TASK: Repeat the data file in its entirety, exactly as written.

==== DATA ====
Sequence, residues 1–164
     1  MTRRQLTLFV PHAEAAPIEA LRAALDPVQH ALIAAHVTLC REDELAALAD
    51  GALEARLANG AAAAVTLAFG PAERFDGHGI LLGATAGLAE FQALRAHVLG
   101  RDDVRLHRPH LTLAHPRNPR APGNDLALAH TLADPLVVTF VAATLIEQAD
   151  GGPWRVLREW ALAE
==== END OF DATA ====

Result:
Sequence, residues 1–164
     1  MTRRQLTLFV PHAEAAPIEA LRAALDPVQH ALIAAHVTLC REDELAALAD
    51  GALEARLANG AAAAVTLAFG PAERFDGHGI LLGATAGLAE FQALRAHVLG
   101  RDDVRLHRPH LTLAHPRNPR APGNDLALAH TLADPLVVTF VAATLIEQAD
   151  GGPWRVLREW ALAE